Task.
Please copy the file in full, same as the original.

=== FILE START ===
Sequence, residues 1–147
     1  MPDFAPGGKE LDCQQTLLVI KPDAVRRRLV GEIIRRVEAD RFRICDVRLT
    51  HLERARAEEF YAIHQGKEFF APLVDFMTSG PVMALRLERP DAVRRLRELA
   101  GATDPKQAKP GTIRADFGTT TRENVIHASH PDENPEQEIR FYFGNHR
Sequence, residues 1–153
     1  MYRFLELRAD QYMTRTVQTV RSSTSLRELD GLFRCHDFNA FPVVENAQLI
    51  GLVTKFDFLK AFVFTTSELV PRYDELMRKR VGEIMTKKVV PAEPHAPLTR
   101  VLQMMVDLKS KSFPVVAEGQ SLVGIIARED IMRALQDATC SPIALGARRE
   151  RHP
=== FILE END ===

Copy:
Sequence, residues 1–147
     1  MPDFAPGGKE LDCQQTLLVI KPDAVRRRLV GEIIRRVEAD RFRICDVRLT
    51  HLERARAEEF YAIHQGKEFF APLVDFMTSG PVMALRLERP DAVRRLRELA
   101  GATDPKQAKP GTIRADFGTT TRENVIHASH PDENPEQEIR FYFGNHR
Sequence, residues 1–153
     1  MYRFLELRAD QYMTRTVQTV RSSTSLRELD GLFRCHDFNA FPVVENAQLI
    51  GLVTKFDFLK AFVFTTSELV PRYDELMRKR VGEIMTKKVV PAEPHAPLTR
   101  VLQMMVDLKS KSFPVVAEGQ SLVGIIARED IMRALQDATC SPIALGARRE
   151  RHP